Cleveland – Presumptive Republican nominee Donald Trump’s controversial statements about immigrants and his hardline positions on border issues helped draw hundreds of demonstrators to the streets of Cleveland on Monday afternoon, hours ahead of the first prime-time speeches of the 2016 the Republican National Convention.
Holding signs with slogans ranging from “Immigration Is Beautiful” to “Dump Trump” and chanting “Undocumented, Unafraid,” protestors marched from The Mall in downtown Cleveland toward the Quicken Loans Arena, site of this year’s RNC. The protestors were flanked on their route by a group of Cleveland police officers on bicycles and squad cars.
While the Rally to Stop Trump and March on the RNC was attended by various different left-leaning groups from socialists to civil rights activists, the most visible presence were immigration rights organizations like Voces de la Frontera (Voices of the Border) and the Minnesota Immigrant Rights Action Committee (MIRAC).
“We’re here to say no to Trump,” Leonel Mejia, an undocumented immigrant from Mexico and member of MIRAC, told Fox News Latino.
Mass deportations and a enormous wall on the United States-Mexico border have been two of Trump’s calling cards during the campaign and have stirred activists on both sides of the issue to take to the streets. Trump rallies earlier this year in Phoenix and California saw violent clashes between supporters and opponents of the controversial real estate tycoon.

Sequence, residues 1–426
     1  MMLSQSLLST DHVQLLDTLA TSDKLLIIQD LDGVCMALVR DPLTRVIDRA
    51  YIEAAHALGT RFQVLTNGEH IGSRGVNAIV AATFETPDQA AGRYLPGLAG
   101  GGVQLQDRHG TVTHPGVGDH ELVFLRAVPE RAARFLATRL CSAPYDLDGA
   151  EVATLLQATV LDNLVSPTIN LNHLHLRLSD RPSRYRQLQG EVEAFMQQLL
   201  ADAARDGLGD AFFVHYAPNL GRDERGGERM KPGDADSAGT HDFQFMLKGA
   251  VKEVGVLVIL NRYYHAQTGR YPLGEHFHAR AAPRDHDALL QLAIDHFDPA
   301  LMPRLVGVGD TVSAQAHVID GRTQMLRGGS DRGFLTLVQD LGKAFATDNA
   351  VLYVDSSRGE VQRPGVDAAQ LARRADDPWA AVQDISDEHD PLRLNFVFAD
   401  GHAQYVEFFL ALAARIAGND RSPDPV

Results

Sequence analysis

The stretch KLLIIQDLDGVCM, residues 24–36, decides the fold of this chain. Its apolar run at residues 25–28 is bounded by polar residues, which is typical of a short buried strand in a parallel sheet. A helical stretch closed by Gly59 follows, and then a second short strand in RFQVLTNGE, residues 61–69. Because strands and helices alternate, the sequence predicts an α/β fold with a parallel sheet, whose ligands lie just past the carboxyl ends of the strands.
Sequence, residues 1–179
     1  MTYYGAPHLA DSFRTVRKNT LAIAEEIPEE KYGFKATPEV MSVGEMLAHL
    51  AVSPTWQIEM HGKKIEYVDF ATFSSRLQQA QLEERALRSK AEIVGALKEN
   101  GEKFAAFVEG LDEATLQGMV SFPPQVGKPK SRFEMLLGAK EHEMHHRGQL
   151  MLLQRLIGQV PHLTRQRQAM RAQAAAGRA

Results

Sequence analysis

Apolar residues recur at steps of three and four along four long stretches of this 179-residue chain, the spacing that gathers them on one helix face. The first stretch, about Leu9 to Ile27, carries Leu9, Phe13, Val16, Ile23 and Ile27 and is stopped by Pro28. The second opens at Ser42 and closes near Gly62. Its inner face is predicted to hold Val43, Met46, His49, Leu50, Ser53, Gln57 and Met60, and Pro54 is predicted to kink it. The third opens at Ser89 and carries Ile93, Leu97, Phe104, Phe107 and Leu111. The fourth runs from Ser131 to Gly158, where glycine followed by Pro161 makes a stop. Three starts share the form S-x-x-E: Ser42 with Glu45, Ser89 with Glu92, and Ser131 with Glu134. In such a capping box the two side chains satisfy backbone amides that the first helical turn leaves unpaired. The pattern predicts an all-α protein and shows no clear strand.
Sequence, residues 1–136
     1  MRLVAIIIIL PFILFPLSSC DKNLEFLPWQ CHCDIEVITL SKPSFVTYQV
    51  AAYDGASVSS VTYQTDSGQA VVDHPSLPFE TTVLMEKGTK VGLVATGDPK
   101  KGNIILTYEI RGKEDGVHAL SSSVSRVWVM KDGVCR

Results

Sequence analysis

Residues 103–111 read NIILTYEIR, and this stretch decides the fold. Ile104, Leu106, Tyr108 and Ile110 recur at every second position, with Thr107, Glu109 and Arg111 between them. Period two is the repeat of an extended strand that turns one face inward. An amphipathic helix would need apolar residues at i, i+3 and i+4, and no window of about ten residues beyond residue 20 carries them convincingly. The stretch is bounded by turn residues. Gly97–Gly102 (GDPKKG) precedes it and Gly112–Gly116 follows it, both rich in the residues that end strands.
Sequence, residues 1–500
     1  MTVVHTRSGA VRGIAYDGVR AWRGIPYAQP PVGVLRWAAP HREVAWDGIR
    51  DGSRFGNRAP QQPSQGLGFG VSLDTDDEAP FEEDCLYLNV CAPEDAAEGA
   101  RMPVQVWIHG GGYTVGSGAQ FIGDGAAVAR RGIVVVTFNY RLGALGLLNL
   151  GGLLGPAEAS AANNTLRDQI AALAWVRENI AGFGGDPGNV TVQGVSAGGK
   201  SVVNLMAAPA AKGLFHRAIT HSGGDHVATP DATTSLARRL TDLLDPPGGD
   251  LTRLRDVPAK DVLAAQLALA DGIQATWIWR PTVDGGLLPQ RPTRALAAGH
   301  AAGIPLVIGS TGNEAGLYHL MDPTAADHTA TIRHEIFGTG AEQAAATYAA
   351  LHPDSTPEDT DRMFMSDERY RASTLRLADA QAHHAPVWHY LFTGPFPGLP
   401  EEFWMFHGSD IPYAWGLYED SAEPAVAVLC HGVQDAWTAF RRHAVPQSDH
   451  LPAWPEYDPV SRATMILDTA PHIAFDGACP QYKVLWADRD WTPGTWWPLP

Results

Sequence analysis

Less than a mile away from immigration activists on Monday, Trump supporters were holding their own event. Carrying lawn chairs and the occasional firearm – as is permitted under Ohio’s open-carry law – about 200 people from groups like Bikers for Trump, Truckers for Trump and Students for Trump gathered to hold an “America First” rally.
Those in the group who had brought guns said they simply wanted to exercise their rights.
"You don't see Trump supporters doing anything that is extreme," said Josh Clark, of Erie, Pennsylvania. "It's more of a peaceful get-together."
Numerous analysts and law enforcement officials in Cleveland predicted widespread disruptions caused by protestors during the convention, but on Monday the situation remained civil between activists and police. Organizers of the event urged protesters to remain peaceful and have a “family friendly” march, as there were numerous children and elderly people among those gathered at the Mall.
“The message has to be peace,” Rev. Jose Landaverde, a priest with the Anglican Church who walked more than 300 miles from Chicago to Cleveland in protest, told FNL. “That message has to come from both sides – the police and demonstrators – that we have to do things peacefully.”
He added, “That, however, is very difficult given the times we are living in and the climate of the country right now.”
Monday’s protest – and a similar one held on Sunday – went off without serious incident, but both protestors and law enforcement expect tensions to ramp up as the week goes on.
Cleveland Mayor Frank Jackson said Sunday on ABC's "This Week" that city officials "aren't strangers to unrest and demonstrations and protests." He said that the city is prepared for an event that could draw tens of thousands of people.
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